Wednesday, July 07, 2010

Clementine, Friend of the Week

Clementine, Friend of the Week
by Sara Pennypacker
illustrated by Marla Frazee
Disney*Hyperion Books, on shelves July 27
review copy read in ARC received at ALA

Don't worry. There won't be a single plot spoiler here. Instead, let's consider the craft of a writer who can keep the fourth book in an "ages 7-10" series just as fresh and delightful as the other three.

1. She assumes you know the characters, so she digs deeper into what makes each character tick. She continues to make her characters more and more three-dimensional, not just "the younger sister who takes risks and the older brother who carries his backpack and research books everywhere." (Sorry Jack and Annie, but it's true. Except Jack left his backpack at home in the latest book, so that's a start!) Clementine and Margaret are complicated, quirky characters who make surprising and heart-rendering choices. Even Mitchell, Margaret's brother who is N-O-T not Clementine's boyfriend, comes into clearer focus in this book. (Margaret...Mitchell. I just noticed that. A quiet little homage by Ms. Pennypacker, or just two alliterative names?)

2. The plot structure of ALVIN HO seems to me to be "random and vaguely related stuff happens." (If I'm wrong, please enlighten me.) On the other hand, Sara Pennypacker has used plot and subplot in as sophisticated a way as Stieg Larsson. Pennypacker uses ONE plot (friend of the week) and ONE subplot (Moisturizer the kitten), rather than six or seven of each, but she makes plot and subplot mirror and resonate and foreshadow and dovetail.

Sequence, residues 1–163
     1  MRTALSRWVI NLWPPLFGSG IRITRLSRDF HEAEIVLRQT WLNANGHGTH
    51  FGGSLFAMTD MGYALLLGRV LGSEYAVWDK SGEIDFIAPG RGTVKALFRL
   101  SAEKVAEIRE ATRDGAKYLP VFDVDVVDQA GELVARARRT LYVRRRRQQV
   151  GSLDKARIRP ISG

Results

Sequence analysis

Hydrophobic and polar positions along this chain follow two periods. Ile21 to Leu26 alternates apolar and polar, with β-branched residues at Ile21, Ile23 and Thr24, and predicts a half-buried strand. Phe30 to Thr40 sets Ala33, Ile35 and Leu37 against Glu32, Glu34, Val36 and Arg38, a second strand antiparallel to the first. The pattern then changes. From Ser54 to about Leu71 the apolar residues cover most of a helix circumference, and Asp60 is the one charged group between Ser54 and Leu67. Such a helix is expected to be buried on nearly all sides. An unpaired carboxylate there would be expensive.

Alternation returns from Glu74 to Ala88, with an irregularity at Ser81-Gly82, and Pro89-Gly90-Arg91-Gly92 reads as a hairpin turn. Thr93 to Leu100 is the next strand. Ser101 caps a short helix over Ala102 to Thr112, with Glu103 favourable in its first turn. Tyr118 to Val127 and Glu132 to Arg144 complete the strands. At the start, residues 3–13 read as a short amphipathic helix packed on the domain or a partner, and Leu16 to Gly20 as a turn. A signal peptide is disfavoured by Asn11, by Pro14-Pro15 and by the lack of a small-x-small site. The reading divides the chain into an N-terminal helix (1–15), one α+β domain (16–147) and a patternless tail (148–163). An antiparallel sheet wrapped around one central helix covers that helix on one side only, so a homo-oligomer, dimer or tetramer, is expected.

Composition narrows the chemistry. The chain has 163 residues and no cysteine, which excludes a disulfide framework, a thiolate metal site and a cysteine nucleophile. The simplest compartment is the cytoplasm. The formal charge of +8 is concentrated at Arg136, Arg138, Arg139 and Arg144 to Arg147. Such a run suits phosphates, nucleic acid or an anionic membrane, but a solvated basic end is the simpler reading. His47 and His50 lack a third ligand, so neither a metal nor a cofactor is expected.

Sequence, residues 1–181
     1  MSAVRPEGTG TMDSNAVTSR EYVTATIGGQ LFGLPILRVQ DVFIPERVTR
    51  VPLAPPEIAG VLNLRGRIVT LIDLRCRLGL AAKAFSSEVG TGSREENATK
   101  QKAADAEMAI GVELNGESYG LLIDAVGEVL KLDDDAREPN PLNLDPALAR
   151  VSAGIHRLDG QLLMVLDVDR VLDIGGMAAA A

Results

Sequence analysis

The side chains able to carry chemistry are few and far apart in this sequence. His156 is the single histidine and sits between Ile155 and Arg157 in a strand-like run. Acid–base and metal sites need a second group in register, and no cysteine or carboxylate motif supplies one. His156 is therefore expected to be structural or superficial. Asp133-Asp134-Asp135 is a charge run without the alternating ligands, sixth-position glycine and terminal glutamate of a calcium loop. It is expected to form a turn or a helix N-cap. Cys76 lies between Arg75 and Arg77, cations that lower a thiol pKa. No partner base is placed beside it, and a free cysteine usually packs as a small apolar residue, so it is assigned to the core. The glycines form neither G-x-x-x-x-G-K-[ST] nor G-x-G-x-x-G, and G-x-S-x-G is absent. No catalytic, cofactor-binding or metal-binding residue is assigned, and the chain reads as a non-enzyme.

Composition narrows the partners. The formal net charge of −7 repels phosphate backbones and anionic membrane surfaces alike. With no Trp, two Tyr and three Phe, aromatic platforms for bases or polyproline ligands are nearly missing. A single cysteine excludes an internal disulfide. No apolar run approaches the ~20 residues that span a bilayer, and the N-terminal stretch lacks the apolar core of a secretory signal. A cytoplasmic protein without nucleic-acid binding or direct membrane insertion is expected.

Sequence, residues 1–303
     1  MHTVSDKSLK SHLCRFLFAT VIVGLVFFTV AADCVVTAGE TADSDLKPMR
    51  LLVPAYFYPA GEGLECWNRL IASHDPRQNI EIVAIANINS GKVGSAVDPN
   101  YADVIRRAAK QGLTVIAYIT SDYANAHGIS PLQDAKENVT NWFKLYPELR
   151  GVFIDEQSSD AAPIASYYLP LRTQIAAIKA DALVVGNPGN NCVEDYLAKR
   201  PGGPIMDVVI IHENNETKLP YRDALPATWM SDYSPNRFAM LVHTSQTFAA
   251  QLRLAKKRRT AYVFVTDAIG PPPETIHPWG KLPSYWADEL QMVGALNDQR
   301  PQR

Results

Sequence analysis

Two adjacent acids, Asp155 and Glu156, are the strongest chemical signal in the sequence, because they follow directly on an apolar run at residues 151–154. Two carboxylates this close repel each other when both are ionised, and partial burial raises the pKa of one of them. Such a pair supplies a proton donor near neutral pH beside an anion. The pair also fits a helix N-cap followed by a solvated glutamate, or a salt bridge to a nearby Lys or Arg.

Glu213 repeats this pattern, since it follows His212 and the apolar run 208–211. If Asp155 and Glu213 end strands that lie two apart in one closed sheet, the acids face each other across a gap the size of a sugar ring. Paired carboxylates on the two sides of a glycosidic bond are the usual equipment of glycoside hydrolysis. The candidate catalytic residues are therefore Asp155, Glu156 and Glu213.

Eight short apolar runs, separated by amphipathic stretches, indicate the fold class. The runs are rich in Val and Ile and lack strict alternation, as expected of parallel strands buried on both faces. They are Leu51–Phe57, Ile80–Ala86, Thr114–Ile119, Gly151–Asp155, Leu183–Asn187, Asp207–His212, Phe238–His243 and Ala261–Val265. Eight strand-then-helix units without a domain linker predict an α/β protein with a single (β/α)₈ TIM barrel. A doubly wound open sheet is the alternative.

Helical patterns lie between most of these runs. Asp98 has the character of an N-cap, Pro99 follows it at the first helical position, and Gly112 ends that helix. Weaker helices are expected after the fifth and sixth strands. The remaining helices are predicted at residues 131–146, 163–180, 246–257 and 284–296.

3. She tackles big, serious issues in a way that makes it fun and unthreatening to think about. In this case, Friendship: what does it look like, sound like, act like? what is it? what is it not? how do you grow it?

(On a side note -- over the course of writing this post, I am hatching an idea for a beginning-of-the-year fourth grade unit of study on series books. If we can talk about plot and subplot, character development, and theme with Clementine (or Cleo, or Jack and Annie, or Alvin Ho, or Ting and Ling, or Sassy...), aren't children more likely to notice these things themselves when they read longer, more complicated chapter books? The catch-words "scaffolding" and "differentiation" are ringing in my ears...)

5 comments:

  1. I adore Clementine and found it to be a perfect read aloud for my third graders (Gooney Bird, too). It seemed a natural step up from Junie B. and closer to the charm I remember feeling with the Ramona books. Can't wait to pick this one up!!

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  2. The best ideas come while writing, don't they? I like Clementine, too -- she reads aloud so nicely! That's something Jack and Annie don't do so well either, but I think the predictability of the characters works for younger, newly independent readers.
    Wait, who's Sassy??

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  3. I am excited that there will be another Clementine book out. Many of my middle school students enjoy these books. I have them in Spanish for my dual immersion classroom, so sometimes they are appealing to students who are very high level readers in English who aren't quite to that level in Spanish yet.

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  4. Yay! Finally! I have been anxiously awaiting the release of book four. Clementine is a great read aloud and I love, love, love the idea of a study of series books to start off 4th grade. Keep me posted on your thinking with that one! Excellent review as usual. Can't wait for my copy to arrive!

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  5. I'm thinking of the impact this could have on their writing as well! I guess I'm behind as I haven't read Clementine since her first book.

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